From Deer to Drill Sergeant: Meet the Voice of “Bambi”

After a long stint away from Hollywood, the voice of Disney’s “Bambi” is fine with being fawned over once again thanks to the classic film's re-release on Blu-ray.

At only six years of age, actor Donnie Dunagan already had six motion pictures under his belt when Walt Disney tapped him to be the voice and expression model for the brave little deer at the center of his 1942 film.

“Mr. Disney called my mother in Westwood, California, and told her he would like me to come to the studio and talk about being the facial model for an animation story of a little deer,” Dunagan remembers. “My Mother and I laughed and tried to understand how even wonderful Disney could put my child face and eyes on a little deer." 

“I saw Walt Disney many times,” recalls Dunagan. “He was a leader; all over the place, helping, coaching, laughing. Even a kid like me back then could sense that he was keenly respected by the animators and production people…In half of my prior six movies, on-camera roles, I came to understand the differences in crew and actors, and responding to ‘The Boss’ coming around. Many were clearly in fear. This was not so with Mr. Disney. You could see the positive reactions, all the time: workers, the 'drawing men,' all would say: ‘Here he comes, ask Walt, he is coming...he will know what to do, Walt is here, show him that....’ etc. That is what real leaders do. He built a major company during a grim economic time in America, and the people at Disney were his family.”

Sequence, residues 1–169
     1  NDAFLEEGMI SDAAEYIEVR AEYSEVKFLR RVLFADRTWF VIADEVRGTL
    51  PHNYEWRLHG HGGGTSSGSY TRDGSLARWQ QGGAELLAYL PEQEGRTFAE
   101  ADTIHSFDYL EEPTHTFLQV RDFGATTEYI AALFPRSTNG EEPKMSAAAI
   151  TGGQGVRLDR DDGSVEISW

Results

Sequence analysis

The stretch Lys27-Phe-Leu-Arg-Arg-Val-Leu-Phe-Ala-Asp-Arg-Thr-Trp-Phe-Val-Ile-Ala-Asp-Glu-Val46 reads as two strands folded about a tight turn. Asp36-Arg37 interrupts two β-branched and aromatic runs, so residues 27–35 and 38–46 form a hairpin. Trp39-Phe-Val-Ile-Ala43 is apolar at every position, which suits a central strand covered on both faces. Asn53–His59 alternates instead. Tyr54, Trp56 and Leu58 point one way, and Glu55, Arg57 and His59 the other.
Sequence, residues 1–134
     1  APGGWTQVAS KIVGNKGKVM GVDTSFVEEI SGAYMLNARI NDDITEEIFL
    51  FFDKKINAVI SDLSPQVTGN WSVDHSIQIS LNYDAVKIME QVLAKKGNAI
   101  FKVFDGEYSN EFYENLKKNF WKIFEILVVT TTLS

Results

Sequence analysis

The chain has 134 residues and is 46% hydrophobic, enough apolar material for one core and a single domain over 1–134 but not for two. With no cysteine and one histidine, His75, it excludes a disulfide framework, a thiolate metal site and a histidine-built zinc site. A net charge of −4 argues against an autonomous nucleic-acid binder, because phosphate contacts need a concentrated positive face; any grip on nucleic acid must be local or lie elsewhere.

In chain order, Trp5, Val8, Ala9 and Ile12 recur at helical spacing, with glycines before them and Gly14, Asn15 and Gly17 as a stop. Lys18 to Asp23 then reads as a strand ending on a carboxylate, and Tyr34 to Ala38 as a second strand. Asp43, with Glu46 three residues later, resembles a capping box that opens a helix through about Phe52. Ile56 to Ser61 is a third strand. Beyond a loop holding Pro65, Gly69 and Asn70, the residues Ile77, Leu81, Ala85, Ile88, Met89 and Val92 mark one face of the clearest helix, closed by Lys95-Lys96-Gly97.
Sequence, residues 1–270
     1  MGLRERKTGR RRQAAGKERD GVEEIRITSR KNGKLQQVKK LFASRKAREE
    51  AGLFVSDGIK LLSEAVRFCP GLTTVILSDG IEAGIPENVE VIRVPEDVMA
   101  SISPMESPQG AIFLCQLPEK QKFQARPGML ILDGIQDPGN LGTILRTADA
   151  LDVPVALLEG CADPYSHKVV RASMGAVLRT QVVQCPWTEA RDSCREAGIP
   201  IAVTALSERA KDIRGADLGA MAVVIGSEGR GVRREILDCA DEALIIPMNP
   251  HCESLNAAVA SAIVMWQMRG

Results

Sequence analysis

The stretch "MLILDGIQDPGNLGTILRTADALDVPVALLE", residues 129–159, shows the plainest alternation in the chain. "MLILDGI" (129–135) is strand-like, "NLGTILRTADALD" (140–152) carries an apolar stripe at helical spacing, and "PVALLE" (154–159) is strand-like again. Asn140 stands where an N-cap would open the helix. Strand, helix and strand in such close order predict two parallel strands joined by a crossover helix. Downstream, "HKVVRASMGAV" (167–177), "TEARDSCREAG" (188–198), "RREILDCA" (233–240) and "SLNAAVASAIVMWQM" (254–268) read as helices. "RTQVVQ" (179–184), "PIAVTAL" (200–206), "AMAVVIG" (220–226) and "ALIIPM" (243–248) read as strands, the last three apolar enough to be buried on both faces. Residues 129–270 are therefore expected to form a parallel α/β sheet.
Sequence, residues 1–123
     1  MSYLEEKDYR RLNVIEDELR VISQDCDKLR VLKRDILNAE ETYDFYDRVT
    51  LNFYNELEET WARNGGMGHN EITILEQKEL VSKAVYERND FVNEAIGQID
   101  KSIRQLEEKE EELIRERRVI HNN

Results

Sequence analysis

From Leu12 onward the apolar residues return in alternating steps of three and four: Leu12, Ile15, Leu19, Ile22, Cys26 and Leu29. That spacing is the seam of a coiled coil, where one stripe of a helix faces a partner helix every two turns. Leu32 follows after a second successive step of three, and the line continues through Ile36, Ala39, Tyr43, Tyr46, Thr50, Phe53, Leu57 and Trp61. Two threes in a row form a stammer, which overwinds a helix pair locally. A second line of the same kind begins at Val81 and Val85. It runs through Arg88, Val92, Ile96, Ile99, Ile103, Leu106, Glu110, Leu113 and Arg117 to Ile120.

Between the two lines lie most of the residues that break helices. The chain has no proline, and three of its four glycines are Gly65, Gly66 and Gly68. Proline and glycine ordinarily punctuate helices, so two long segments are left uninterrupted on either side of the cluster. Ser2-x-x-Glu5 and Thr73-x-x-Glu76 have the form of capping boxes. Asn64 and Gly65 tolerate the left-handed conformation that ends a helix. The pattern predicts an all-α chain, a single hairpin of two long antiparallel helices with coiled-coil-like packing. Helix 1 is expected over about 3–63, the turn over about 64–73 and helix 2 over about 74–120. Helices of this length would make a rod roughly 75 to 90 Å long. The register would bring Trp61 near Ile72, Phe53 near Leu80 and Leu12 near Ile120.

There were other bonuses for a six-year-old actor: “The ice cream in the dining room was great!”

Like many child performers, Dunagan experienced family troubles and left show business - essentially living on his own from age 13; in adulthood he found a long career in the United States Marine Corps. “In many ways. Bambi had to fend largely for himself, rather young, and so did I,” he says. “He had to learn some hard realities at a young age and stand up to threats and real danger. So did I. He made it, despite much, and tried to stand as an example. I hope I have too.” He zealously never revealed his past onscreen identity with the troops under his command. “I was worried that some of them would write home to say “Mom, guess who my commanding office is? Lt. Bambi!’ I did not think that it would add to our combat readiness!”

Now, at 77, Dunagan is thrilled to embrace his past. “As I have grown older, I’ve listened to people talk about it when they did not know I was a part of it,” he says. “I grew to realize that Mr. Disney had let me become part of a never-ending love story in this world. My debt to him is great…I could be working in the White House and children could care less. But let someone say ‘That dude over there was the face and voice of Bambi,’ and I am an immediate adopted grandfather to them. That is just an unmatchable joy, and a real responsibility.”

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